Who's NOW In Charge of Information?

Jay Leib is nothing if not pragmatic. He jumped in: "The very implication of e-discovery and investigation means it's a downstream, reactive scenario. That's what the industry has been catching up to: an event happened, now we need tools. But the general counsel's office doesn't have any budget! They are a cost center. The GC office doesn't have the money to spend on the necessary tools. So they are required to partner with IT to pay for it," he explained.

"What the more sophisticated companies are realizing is that they're spending money through the nose on reactive scenarios. They know they have to get out in front of these e-discoveries and investigations, and they are now considering it a business issue," insists Jay.

"That stems from a variety of reasons: the amount of data, first. Then the retention policies, the applications we use and the freedom we allow employees. So how do we include in-house counsel, outside counsel, IT and business to have a risk profile that makes sense?" he asked somewhat rhetorically. "Well, it can take many forms: You can have internal review that takes into account everything from the email down to the review system, or you can outsource everything and focus on selling widgets. The new difference is that they're now looking upstream, and trying to figure out how to reduce costs. How do we get this legal and litigation spend lower?" said Jay. The answer, I think, seems to be bring it in-house, and use automation tools to cover the difference.

Who's In Charge of Costs?

I asked about the cost-avoidance issue: To what degree are companies avoiding/underplaying information governance in response to current economic conditions? Or, is it the other way around...are your customers seeking out information governance as a cost-saving measure?

"IT has been wanting to get more involved and add more value for years," added Tim. "But legal would push back and say, ‘You just do the collection; we'll take care of the rest.' And the way they did that was to outsource it. IT would say, ‘Wait we can do more. Just give us the chance!' What's happening now is that IT is proving that they CAN do more, and that legal is sitting there with tons of egg on their face because of the costs. IT can now say, ‘Remember those guys you were spending $30 million for no value? Watch me press this one button and do the same thing.' IT has become such a powerful player as a result that it is really difficult for legal to say ‘Just be quiet.'"

Jay wanted in: "IT has become MUCH more business savvy. And much more strategic. They're connecting the dots between different groups. They are the connection between strategic groups, information governance groups, compliance officers, regulatory concerns... that is absolutely what has changed. It is no longer about throwing more horsepower and renting rack space..." It's not just the plumbing anymore.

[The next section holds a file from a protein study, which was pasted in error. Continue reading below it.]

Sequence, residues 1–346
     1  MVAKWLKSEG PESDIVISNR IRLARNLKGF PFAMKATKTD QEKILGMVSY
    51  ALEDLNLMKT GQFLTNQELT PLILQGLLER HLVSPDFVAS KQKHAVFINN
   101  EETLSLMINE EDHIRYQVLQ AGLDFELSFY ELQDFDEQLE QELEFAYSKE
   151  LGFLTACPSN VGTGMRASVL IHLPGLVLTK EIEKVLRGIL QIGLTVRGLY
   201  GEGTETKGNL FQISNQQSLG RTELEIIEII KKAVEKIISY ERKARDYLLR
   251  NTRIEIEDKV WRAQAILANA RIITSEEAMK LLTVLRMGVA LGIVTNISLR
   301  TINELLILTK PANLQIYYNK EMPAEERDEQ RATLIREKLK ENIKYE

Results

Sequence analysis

Is information governance something that can be taught as an employee policy? Or, because of its importance and potential risk, something that needs to be imposed as a system or technology effort? Or is it a combination?

"Governance and information management has largely been a failure," said Jay, somewhat surprisingly. But he had a point. "90% of the world's information has been created within the past two years. No matter what policies you have in place, it's like Jurassic Park...  employees will figure out a way around it.

"Technology solutions to this point have not been designed with the workforce in mind," said Jay. "But now we're in the golden age of collaboration. Coming out of this financial crisis, business leaders are starting to say: ‘Communicate more. Collaborate with your colleagues. Tweet.' But the policies have not caught up yet," he said.

"What we need is the right technology in place to find the important data, no matter where it is," added Tim. "And eliminate irrelevant data. But data storage policies have been a failure to this point."

"Having a policy that is published and distributed in a three-ring binder is good, but it doesn't mean you're not hosed," said Tim. "Maybe the CEO doesn't go to jail, and that's a good thing, but the larger repository technologies just aren't working. I just don't think the technologies are on the market to do what the market wants."

"The problem with policy," Jay said, "is that it usually sits on a shelf. But policy is fluid and organic. Who anticipated DropBox three years ago? The issue is that there are so many versions of information, saved and kept and generated... that's what's changed. It's just harder to find the substantive documents."

Please read on for more insight into discovery, and governance and the role that various corporate departments play in the mitigation of risk and the enhancement of control in the corporate information universe. 

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